LOS ANGELES — Los Angeles-based convenience-store brand Locali was conceived in 2009 at a time when health and convenience “were still an oxymoron,” says co-owner Melissa Rosen, who along with partner Greg Horos operate on the premise that “food is medicine, on all levels.”
Rosen waxed nostalgic about the beginning of what’s now an iconic local brand known for cutting-edge vegan foods and more: “I’d been working as a health counselor in a food desert, and the dietary prescriptions the physician I worked for prescribed to patients were nearly impossible for them to follow at that time due to issues of access. That problem spurred our idea around the need for healthy convenience stores. There was an Armenian deli set to close in our neighborhood so we took over the lease. From idea to operating our first location, it was roughly six months.”
The brand at one time had grown to four locations but through the pandemic, scaled back to two stores: one an 80-square-foot kiosk site in downtown Los Angeles and the other a 650-square-foot traditional c-store in Hollywood. While outright closing one location in Venice, Calif., a fourth SoCal location is morphing from a brick-and-mortar store into a “ghost kitchen”—carried out with third-party partner Miami-based Reef Technology. It’s within this venture that Rosen and Horos plan to distribute Locali’s signature vegan products to consumers, powered by pickup and delivery options, and perhaps even e-commerce.
The partners’ decision to shutter two stores was due to stringent safety and health-related reasons. While they operate on the leading-edge of implementing health and safety protocols, they realized that a large number of local residents weren’t eager to visit retail locations in person as COVID-19 loomed large. This realization convinced them that staying in business at these two locations was not fiscally viable.
Compensating for the loss of two retail sites required thinking outside the box. In addition to the ghost-kitchen venture, the co-owners are in the process of creating a licensing venture for their most popular signature items, including a packaged salad line sold in Whole Foods and proprietary items such as a popular coconut, bacon and granola. “We were in the production cycle for these items, but ran into delays due to supply chain issues,” says Rosen.
“We took our licks during COVID, for sure, but we’re still here,” says Rosen. “On staffing, it’s been very hard for us to find [new] staff, but we have had a long-term team of what I call ‘ride or die’ workers who stayed with us rather than leaving or going on unemployment.”
Read ahead for more insights into Locali, where it has been and how it plans to continue to evolve in 2022.
Q: When you think back on the conception of Locali, what were some of the motivating factors that were top of mind with you and Greg?
A: We envisioned it as the love child of 7-Eleven and Whole Foods. Locali evolved beyond our original vision. We are now known, first and foremost, for the vegan dishes from our deli. Our menu has a warranted cult following. I’m partial, but I think we serve some of the tastiest smoothies, salads and sandwiches in the country.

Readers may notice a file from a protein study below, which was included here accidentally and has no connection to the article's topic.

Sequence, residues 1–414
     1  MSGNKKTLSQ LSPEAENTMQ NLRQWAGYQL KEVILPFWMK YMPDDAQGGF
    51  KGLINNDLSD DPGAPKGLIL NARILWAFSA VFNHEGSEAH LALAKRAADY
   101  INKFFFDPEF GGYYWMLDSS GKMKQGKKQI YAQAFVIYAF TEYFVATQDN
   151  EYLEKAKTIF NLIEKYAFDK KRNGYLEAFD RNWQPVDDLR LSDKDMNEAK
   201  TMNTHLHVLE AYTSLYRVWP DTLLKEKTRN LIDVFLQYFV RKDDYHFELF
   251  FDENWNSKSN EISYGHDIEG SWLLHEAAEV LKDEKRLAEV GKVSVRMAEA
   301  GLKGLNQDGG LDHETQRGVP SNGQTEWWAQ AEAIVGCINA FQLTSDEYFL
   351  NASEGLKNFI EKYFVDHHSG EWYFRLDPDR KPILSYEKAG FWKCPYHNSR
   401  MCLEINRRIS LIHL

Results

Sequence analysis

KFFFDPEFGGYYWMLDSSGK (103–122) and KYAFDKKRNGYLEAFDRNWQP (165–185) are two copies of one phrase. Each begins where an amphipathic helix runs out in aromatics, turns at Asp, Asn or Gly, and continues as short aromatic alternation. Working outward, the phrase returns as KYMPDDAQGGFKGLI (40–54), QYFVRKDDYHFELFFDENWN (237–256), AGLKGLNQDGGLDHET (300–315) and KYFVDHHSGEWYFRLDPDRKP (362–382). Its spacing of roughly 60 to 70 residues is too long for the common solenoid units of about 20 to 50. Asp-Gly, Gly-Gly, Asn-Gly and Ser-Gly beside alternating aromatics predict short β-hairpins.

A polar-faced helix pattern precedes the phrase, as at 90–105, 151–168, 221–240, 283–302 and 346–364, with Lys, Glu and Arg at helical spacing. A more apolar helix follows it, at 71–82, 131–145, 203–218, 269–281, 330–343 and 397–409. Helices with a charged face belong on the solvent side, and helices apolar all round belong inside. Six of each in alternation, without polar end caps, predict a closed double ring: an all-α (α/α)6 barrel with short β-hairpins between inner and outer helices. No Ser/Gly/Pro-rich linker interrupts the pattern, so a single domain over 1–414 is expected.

Q: Can you detail the ghost-kitchen initiative with Reef Technology?
A: It’s a licensing agreement. Reef has a mobile convenience model, and we’re going to focus on offering a limited best-sellers portfolio of our menu through them—all of the fully vegan options. It hasn’t gone live yet but is looking to in 2022.
Q: You have one true c-store left, in Hollywood. Describe what it offers?
A: At Hollywood, we see customers who might buy a vegan sandwich a couple days a week and later order a sandwich with turkey. We are supported by daily regulars at this store, some who come in for breakfast, lunch and dinner. In the store, all sandwiches come vegan by default, and then customers can elect to choose to substitute real meat or cheese on some of them. Our Peaceful Warrior sandwich, when it’s made with vegan deli meat and Swiss cheese, is a really special vegetarian item. It has arugula, red pepper, mango chutney and Locali-made curry spread. We serve it on six-grain bread, and it’s the perfect combo of sweet and savory.
Q: During the pandemic, many c-stores a go-to place as a safe, quick retail alternative to grocery or big-box. And many consumers were pleasantly surprised to find the upscale selections in stores. Did you find this to be true too?
A: Our Hollywood sales skyrocketed due to this fact: One leading consumer concern with COVID was diet-related. It was an unpleasant fact that many people saw they needed to take their health into their own hands. And our foods were a gateway to better healthy eating. We also needed to build community during this time, and our c-store team members were great at connecting with regulars to build community. We also supported local vendors. A pressed-juice vendor came to us, and we began offering her juices at the Hollywood store. Greg and I felt it was important to look out for and support local suppliers.
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